|Former Ross Sheppard teacher Lynden Dorval, who was suspended for violating the school board's no-zero policy, holds his termination letter in his home on Sept. 14, 2012. Dorval has been at the centre of the polarizing dispute. (Amber Bracken/QMI Agency)
EDMONTON - Ross Sheppard high school students were angry Monday as they went to class for the first time since hearing that Lynden Dorval, the teacher who refused to follow the school's "no-zero" grade policy, had officially been fired by the Edmonton Public School Board (EPSB).
"I didn't agree with the decision at all," Grade 12 student Aiden Villanueva said. "If students are lazy enough to get a zero, then that is the grade that they deserve."
Villanueva, who said he used to be one of those students, said that seeing zeros was a wake-up call that motivated him to work harder.
Dorval was also supported by Grade 12 student Brittany Cogswell, who was in Dorval's science class last year.
"Most of us that were actually in the class were on his side," Cogswell said. "He's a really good teacher, it is unfair that he got fired because most of us liked him.
"I feel like those who don't work hard in school shouldn't get to have an opinion about teachers."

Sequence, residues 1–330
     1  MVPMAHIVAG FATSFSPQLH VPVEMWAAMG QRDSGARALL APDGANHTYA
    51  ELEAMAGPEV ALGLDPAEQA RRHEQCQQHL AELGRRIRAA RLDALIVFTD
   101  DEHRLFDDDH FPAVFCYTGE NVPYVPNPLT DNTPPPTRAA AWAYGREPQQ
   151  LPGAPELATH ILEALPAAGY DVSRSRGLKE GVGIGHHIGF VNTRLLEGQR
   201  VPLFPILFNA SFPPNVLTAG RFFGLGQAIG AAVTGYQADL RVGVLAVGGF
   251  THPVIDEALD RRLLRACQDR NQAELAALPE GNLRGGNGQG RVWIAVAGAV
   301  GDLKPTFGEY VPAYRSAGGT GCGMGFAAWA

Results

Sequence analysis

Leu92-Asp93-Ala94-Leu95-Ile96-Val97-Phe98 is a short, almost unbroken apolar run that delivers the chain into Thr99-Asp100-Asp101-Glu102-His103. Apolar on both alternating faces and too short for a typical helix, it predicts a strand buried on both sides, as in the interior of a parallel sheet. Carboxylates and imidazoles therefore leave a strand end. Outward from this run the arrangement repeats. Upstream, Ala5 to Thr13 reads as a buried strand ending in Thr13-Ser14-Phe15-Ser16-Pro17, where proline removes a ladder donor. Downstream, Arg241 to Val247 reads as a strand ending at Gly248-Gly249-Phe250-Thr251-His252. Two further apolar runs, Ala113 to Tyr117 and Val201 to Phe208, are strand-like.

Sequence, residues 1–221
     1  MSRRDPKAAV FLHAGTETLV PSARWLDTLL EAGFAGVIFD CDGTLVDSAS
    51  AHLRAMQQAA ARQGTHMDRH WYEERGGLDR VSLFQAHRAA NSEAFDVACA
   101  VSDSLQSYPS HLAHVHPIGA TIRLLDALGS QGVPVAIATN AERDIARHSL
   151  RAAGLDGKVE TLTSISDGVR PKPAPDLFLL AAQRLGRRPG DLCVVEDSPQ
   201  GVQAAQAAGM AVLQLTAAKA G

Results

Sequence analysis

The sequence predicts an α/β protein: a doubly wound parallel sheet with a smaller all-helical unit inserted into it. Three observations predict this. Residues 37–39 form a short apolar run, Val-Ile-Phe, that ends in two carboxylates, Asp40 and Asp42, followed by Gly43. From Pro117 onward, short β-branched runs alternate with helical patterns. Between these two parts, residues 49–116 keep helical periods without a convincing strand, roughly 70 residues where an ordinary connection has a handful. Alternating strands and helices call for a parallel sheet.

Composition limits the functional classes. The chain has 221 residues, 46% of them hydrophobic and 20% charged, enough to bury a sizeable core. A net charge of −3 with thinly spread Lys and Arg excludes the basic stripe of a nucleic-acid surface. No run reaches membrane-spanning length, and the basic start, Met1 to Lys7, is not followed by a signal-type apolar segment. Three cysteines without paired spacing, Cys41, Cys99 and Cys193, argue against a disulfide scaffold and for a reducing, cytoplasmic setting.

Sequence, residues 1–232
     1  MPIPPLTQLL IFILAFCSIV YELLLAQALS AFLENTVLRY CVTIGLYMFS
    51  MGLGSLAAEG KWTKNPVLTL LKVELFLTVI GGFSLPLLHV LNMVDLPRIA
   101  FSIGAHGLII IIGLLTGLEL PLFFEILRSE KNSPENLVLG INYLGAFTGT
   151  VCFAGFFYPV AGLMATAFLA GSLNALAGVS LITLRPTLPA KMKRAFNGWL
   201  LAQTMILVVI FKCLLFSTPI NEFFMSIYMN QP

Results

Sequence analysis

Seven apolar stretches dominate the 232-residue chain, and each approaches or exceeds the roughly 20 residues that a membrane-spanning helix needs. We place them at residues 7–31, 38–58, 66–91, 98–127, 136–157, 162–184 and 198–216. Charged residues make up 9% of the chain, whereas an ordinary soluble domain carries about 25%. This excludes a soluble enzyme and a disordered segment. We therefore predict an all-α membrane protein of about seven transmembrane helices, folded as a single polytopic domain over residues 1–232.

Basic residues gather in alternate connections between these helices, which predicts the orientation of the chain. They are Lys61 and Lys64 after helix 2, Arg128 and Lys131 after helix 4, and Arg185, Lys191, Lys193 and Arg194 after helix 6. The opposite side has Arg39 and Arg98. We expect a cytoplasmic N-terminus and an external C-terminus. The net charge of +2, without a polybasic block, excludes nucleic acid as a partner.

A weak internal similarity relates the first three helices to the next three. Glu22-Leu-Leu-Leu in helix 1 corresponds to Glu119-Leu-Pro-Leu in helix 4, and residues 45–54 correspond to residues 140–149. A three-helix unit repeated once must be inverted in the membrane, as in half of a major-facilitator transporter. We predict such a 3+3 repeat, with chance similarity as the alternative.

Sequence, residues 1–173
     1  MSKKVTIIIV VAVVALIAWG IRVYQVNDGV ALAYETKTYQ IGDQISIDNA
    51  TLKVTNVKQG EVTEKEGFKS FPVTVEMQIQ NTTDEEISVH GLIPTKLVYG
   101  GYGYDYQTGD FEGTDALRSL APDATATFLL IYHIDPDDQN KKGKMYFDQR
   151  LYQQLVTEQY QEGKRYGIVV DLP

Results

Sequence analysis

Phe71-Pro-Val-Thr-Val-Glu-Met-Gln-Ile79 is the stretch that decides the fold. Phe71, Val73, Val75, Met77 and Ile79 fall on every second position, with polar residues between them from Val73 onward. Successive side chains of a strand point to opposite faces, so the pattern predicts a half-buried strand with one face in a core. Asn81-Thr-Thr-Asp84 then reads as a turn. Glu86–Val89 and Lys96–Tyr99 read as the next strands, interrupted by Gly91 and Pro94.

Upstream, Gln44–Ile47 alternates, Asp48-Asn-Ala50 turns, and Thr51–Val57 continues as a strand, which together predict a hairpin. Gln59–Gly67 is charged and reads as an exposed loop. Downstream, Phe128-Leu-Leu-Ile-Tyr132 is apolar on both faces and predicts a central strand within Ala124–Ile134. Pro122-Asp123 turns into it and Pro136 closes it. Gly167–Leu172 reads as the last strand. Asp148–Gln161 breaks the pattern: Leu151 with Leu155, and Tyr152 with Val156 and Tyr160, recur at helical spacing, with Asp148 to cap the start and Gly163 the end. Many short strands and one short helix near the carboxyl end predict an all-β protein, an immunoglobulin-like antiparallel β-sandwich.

Cogswell also said that the rule is unfair to the students who put in the work.
Dorval said that while this wasn't his most critical argument, it was an issue he raised when pleading his case to the EPSB.
Even a student who didn't agree with Dorval when it came to not following the no-zero policy said that she didn't think he should be fired.
First-year student Shancelin Mukundo has heard the rumblings around campus and was upset with the school board's decision.
"From what I've heard the teacher was actually a good teacher and everyone liked him," she said. "Even if a student didn't do the work that doesn't mean that they didn't learn, they should be given grades for showing up and learning in class, but I still don't think he should have been fired."
Dorval, who plans on appealing the board's decision, said that support like this is always appreciated.
"It always helps to have support, that's all I've ever had," he said. "Nothing but support from parents, other staff, university professors, it never hurts to have support from anybody."
Dorval has not heard yet from the Alberta Teachers' Association (ATA) as to whether they will financially support the appeal, but said that regardless of the ATA's decision he will move forward, even on his "own dime."
Dorval received a letter from the EPSB on Sept. 14 giving him one month's notice of termination. His contract is officially terminated Oct. 15.